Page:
John Shay, most recently a partner at Virtu Financial, is joining Nasdaq as global head of fixed income, commodities and clearing, reporting to Hans-Ole Jochumsen, president of Nasdaq. Shay takes up his New York-based role in late October.
Shay spent most of his career with ICAP (Icap) before being recruited by Virtu’s founder, Vincent Viola, in 2007. At Virtu, Shay was responsible for managing all outside venue, vendor and trading relationships, including all prime and FCM counterparties, as well as all exchange, ECN and ATS relationships with a focus on fixed income, currencies and commodities.
With less than one week to go before the industry’s premier FX conference, Forex Network Chicago, Profit & Loss has recorded a special “Chicago Edition” of its podcast “In the FICC of It”.
The panel sessions will study all aspects of the current market structure with special focus on those areas most open to debate, this includes volatility levels, liquidity provision, the ubiquitous last look, and also the impact of the FinTech sector on the industry.
To preview the conference, P&L’s managing editor Colin Lambert and deputy editor Galen Stops, have been discussing what they see as the key issues facing the industry, as well as how they expect the panel sessions to go.
To access the preview, please click here, or go to the Media tab on the Profit & Loss website.
Birgir Haraldsson and Mario Manna, co-founders of Nightberg, an independent macro strategy firm, talk to Profit & Loss about getting noticed in a crowded market and how data analytics is changing the traditional research model.
Profit & Loss: given your experience in the market, how have you seen financial research change over the years?
Mario Manna: Spending a lot of time on the buy side we’ve always been big users of research and it has changed quite a bit, in particular it’s become more siloed. So now you often have specialists carved out to cover a specific niche, firms have a US rates strategist, an EU rates strategist, etc, and so the research becomes narrowly focused and at risk of constantly reporting about a topic or asset when perhaps nothing much is happening.
As EBS BrokerTec prepares for the departure of a CEO that has driven so much change at the firm and its transition to being part of Nex, Galen Stops looks at the firm’s evolving role and identity within the FX market.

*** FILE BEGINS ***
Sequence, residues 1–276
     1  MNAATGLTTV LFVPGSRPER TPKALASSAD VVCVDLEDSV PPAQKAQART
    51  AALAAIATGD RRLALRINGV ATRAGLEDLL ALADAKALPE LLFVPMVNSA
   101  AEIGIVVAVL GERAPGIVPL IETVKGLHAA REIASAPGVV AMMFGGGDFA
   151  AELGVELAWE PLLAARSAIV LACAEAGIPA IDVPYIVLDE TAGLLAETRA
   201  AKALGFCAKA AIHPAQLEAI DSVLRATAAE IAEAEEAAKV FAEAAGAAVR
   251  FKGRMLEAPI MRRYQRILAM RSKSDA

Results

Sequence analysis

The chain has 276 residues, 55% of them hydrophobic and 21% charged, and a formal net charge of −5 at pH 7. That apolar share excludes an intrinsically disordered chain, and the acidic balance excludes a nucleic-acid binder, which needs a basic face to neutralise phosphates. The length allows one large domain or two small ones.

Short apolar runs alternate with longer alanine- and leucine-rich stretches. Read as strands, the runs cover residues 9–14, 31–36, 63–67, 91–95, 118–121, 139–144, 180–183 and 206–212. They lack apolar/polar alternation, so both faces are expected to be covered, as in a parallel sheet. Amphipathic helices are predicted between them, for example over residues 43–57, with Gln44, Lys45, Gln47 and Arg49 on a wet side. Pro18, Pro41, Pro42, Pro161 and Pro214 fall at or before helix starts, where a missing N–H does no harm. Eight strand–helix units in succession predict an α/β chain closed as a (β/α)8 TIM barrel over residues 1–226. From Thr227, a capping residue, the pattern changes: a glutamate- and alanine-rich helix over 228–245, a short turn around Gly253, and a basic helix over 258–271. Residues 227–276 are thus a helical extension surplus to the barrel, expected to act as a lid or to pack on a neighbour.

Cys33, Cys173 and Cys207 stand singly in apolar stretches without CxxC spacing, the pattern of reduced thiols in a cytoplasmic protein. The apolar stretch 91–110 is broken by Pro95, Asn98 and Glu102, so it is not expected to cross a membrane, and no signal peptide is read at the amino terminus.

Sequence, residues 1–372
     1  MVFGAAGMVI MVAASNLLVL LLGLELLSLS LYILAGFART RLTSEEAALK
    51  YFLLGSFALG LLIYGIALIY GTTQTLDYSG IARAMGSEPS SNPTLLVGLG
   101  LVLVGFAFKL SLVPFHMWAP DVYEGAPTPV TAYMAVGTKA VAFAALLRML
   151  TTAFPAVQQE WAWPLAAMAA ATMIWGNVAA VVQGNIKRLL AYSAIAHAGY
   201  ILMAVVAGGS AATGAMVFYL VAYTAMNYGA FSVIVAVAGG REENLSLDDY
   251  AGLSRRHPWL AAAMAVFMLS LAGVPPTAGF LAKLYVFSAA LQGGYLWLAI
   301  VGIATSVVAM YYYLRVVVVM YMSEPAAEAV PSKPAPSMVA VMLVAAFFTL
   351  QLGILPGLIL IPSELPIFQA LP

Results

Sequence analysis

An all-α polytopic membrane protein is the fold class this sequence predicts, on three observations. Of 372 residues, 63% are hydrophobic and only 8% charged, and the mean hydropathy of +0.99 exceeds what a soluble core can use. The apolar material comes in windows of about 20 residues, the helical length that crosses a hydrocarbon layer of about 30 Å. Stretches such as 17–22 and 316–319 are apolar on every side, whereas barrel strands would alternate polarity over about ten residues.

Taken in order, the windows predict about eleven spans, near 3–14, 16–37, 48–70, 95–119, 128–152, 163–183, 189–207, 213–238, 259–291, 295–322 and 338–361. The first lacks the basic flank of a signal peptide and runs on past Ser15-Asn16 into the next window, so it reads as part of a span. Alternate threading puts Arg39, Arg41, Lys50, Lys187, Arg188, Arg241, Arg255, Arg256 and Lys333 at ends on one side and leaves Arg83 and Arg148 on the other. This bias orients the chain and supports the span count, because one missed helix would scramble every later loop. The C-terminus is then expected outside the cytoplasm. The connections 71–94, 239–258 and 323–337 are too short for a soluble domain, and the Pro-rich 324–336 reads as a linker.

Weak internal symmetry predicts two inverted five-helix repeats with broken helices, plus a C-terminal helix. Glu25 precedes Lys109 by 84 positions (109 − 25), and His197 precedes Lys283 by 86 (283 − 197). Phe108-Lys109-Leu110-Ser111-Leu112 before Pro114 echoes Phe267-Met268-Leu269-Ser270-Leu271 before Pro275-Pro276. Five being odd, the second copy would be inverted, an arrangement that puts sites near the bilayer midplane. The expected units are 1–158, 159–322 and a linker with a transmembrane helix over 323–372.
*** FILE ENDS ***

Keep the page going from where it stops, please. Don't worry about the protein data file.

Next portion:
News that Gil Mandelzis, CEO of EBS Brokertec, is stepping down from the role has triggered the usual speculation over a successor and the business conditions the next CEO will face. Without doubt, the next head of EBS will be taking the reins of a very different company to that inherited by Mandelzis.
What is widely seen as one of, if not the, biggest challenge surrounding the BIS FX Working Group’s work on developing the Global Code of Conduct – adherence – was addressed by Chris Salmon, executive director, Markets at the Bank of England earlier this week and Salmon – the man responsible for the adherence piece in the Code – was optimistic that it would be effective.
Addressing ACI UK’s Square Mile Debate, Salmon noted, “It is no secret that all has not been well in FX or FICC markets more generally.”
He cited the erosion of trust in markets to preface his speech but identified an “ethical drift” resulting from “structural weaknesses” that presented opportunities for misconduct.
Just about 10 months ago the deal was announced to sell Icap’s voice business to Tullett Prebon and at that time, in this column, I suggested that a consequence of that deal would be an easier path for anyone looking to buy Icap’s electronic business, subsequently revealed to be named Nex.
Obviously I cited an exchange as the most likely buyer and it seems, if the headlines of last week are anything to go by, that the pieces are being moved into place. Moving pieces is, however, very different to an actual deal – what are the chances of that?
We all know there has been a significant shift in recent years in FX markets towards the machine - events, especially in the legal and regulatory space, have helped drive the change - but is this shift now reaching a tipping point whereby traditional finance and economic theory is challenged? We talk a lot about the equitisation of the foreign exchange market structure but is the real issue, thanks to the growth in automated market making, the equitisation of FX market behaviour?